Updated: Nov 22
What’s your favorite softball drill? We all have them. Many we like because we immediately see the benefit. Or, as coaches often say, “once you feel it, you own it.”
That’s the goal of every drill, and if done properly, the benefits are many.
Here are a half-dozen from some of college softball’s most successful coaches.
Arizona coach Mike Candrea:
“I can’t say I have a most successful drill. I am very drill oriented and all about the process. The game is a game of repetition. If you look at a game, the first thing is to play catch - it’s the foundation of playing defense and learning how to communicate. We spend most of our time on those basic things. One drill we do often is the 21-out drill with the goal to play perfect defense. I hit a ball and the play has to be made perfect ... perfect throw to first, perfect throw to pitcher, perfect throw to catcher. The goal is to get 21 outs in 15 minutes. If they don’t reach their goal, they run foul lines equal to the number of outs they did not get.”
Greg Stewart, Oregon Institute of Technology head coach:
“When it comes to hitting, we do a lot of tee work, but one drill I like for young players and advanced players is doing soft toss and tee drills off a balance platform.
PURPOSE: To work on hitters having proper explosive rotation with their lower half while limiting head movement and staying balanced from contact to the finish of their swing.
EXPLANATION: Here is how our platform is built: First, find or cut to length a 1” (3/4) thick by 12” wide by 4 foot long piece of shelving wood. Second, cut a 4X4 square post into three 12” long blocks. Attach the post blocks (which raise your platform off the ground) at both ends and in the middle of the shelving wood by drilling wood screws through the top of the shelf into the post blocks. The 12” block length is to match the 12” width of the shelf. Then, you can cut a piece of turf or carpet the same dimension as your platform and either nail or screw it on so that it is attached very tightly. The platform can be up to five feet long if you prefer.
Now that your platform is built, your hitters can do Tee, Soft-Toss, and Front-Toss drills while learning how to properly engage their lower half. If they do not stay balanced throughout their swing, they will simply step off.
Some coaching points we emphasize are:
Proper pivot, drive, and rotation of the back foot (pushing off the ball of the foot and getting their heel to the sky).
Proper hip rotation on inside, middle, and outside pitches.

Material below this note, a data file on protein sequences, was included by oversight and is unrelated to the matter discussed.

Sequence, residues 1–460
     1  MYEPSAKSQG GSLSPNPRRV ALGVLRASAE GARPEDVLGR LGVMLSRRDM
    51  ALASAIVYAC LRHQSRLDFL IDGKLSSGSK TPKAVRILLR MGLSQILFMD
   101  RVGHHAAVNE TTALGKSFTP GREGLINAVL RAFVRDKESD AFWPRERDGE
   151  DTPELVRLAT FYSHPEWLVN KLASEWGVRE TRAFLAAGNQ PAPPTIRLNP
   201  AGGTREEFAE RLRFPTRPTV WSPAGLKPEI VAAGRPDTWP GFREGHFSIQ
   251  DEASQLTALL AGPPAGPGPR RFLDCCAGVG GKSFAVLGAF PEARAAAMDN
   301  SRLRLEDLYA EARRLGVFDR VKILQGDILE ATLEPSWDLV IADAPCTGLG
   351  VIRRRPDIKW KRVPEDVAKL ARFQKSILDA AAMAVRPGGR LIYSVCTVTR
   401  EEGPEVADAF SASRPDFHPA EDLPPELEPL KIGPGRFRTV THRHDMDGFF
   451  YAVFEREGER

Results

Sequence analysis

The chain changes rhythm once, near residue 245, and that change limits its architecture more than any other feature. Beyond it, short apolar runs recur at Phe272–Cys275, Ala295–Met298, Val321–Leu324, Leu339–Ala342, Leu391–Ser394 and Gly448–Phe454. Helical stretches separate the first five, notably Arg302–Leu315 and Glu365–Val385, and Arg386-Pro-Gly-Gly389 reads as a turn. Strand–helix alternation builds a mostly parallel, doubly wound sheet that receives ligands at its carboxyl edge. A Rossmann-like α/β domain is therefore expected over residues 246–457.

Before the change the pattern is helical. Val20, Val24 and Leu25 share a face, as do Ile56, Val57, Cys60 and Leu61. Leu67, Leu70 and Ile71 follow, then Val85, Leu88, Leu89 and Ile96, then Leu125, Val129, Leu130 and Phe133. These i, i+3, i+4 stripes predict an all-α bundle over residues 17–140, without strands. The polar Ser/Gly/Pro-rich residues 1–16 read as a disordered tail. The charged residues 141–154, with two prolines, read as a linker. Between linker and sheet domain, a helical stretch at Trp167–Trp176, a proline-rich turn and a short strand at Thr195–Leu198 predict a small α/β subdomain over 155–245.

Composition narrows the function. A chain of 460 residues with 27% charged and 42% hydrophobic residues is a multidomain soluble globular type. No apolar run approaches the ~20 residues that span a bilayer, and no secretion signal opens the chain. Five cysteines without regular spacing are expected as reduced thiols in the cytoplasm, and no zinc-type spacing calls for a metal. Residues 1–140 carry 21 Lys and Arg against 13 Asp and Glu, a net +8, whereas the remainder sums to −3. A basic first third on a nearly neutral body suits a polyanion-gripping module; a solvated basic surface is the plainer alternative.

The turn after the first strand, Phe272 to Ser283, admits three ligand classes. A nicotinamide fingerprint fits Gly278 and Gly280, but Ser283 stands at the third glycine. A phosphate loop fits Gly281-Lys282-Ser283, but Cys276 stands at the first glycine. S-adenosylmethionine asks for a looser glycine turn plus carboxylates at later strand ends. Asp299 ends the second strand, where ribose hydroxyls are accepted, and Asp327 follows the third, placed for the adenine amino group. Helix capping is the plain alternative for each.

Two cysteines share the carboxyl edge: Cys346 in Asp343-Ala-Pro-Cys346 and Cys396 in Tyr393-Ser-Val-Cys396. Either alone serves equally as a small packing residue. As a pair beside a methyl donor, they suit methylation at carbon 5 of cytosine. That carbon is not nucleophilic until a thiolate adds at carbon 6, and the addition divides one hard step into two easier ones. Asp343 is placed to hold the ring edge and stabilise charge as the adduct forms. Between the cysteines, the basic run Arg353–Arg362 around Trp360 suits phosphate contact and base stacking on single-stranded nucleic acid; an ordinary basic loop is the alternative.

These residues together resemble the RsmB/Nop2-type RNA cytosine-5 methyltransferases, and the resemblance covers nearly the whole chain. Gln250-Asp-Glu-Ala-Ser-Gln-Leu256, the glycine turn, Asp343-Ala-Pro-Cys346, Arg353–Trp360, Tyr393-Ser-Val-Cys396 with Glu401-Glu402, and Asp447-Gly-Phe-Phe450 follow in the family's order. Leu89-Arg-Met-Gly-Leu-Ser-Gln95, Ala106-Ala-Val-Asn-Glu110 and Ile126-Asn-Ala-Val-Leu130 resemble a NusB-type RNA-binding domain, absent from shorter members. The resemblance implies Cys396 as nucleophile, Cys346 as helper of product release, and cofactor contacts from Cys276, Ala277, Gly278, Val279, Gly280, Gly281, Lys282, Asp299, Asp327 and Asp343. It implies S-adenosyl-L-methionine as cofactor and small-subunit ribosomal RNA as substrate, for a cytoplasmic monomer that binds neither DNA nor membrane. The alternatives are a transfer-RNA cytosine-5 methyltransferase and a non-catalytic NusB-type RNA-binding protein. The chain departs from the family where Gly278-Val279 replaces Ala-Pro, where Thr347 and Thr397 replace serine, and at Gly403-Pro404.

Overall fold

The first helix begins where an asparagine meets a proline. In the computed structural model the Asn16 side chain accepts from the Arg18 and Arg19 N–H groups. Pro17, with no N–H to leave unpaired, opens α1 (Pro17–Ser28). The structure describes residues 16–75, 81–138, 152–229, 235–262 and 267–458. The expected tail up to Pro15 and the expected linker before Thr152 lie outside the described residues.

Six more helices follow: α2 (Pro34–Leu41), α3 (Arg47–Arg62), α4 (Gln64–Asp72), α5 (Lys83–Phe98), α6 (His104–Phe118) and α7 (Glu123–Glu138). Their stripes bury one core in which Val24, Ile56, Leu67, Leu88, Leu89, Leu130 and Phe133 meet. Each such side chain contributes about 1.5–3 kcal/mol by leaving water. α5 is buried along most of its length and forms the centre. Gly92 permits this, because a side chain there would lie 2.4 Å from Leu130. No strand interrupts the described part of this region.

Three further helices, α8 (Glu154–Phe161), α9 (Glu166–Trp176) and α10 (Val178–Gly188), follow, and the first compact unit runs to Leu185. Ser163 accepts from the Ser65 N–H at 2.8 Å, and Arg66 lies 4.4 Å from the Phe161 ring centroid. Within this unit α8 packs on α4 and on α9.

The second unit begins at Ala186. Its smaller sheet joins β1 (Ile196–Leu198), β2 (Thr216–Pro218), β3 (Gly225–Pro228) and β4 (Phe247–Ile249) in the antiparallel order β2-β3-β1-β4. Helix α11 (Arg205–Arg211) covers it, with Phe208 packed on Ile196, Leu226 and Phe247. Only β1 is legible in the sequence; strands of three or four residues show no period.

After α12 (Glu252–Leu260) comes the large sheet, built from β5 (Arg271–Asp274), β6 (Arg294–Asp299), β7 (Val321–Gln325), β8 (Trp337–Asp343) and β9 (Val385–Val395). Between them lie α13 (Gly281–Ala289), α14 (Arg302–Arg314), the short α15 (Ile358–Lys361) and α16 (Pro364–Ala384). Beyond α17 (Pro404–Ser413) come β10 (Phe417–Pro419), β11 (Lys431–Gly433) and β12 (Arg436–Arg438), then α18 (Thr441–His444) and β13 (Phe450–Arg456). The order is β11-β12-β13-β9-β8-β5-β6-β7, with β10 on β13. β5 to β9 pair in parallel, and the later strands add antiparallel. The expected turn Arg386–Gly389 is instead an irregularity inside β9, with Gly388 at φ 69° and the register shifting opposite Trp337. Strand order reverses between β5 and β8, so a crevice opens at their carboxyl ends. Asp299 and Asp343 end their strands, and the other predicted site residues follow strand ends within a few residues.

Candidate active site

Proper weight transfer/rotation from the load to hitting with a firm front side while staying balanced with a long extension (Have players hold their finish for a one-second count every time they take a swing on the platform to ensure balance).
Work on keeping head and eyes quiet with very limited movement.
Helps hitters to stride the same whether you prefer a no stride/heel lift or short glide step. (It prevents striding into the plate or “In the Bucket”).
Monte Sherrill, Pfeiffer College head coach:
“During our practices, players experience something entirely different than any program ( whether it be travel ball, middle school ball, or possible transfer) they have ever been a part of. The number of batting cuts that we take each practice tallies upwards of 400 balls, and this one mere factor allows a player to have both repetition and instillation of the skills in which their individual swing requires. One drill in particular that allows qualitative and quantitative swings to be enforced is referred to as "The Georgia Drill." This is a drill that I saw work extremely efficiently at the University of Georgia's softball practice, and I altered a few things to make it applicable to our practices. This is simply a system of five pitching machines sectioned off by screens so that each player can move in an assembly line to the next pitching machine with efficiency and safety.
Another drill that we find valuable is the Rundown Drill, in which our players run a mock rundown with runners at every base, the priority being the runner on third heading home. The rundown drill brings into play every defensive skill set with the pressure of the rundown.
Mike Larabee, Central Washington University head coach:
Two of the most beneficial drills that we use are front toss with the V-Flex hitting model, and we also use the V-Flex pitching model for our pitching workouts. Using the V-Flex for hitting conditions our hitters to swing at strikes through early pitch recognition. We use the V-Flex device three times a week, and I have seen our hitters continue to get a better understanding of the strike zone and an acute awareness of the difference between a ball and a strike. The most important thing to be a great hitter is to get a good pitch to hit. The V-Flex pitching model provides our pitchers with brain generated targets. These targets represent an absolute depth value for the brain, so it no longer has to guess, imagine or mentally visualize the strike zone. We also train with the V-Flex pitching model three times a week. Our location dramatically improved in three weeks.
Clackamas Community College coach Jessica Buel:
“We like to do live situations. We hit live at least twice a week. Gives our pitchers more situations instead of just throwing to catchers. We do a lot of live running to stimulate live play for game time. And we do a lot of little, very basic fundamental drills. We work on tweeners and bloopers often as well.”
College of Idaho coach Al Mendiola:
“Short Game Scrimmage – allows our hitters to work on shortening their swings or bunting, and at the same time, it gives our infielders multiple ground balls. We can put our defense in a first and third or bunt defense situation. It also allows us to work on double plays with all infielders, especially the pitchers and catchers. The thing I like about this drill is it allows our offense to put a lot of pressure on our defense in a controlled scrimmage.”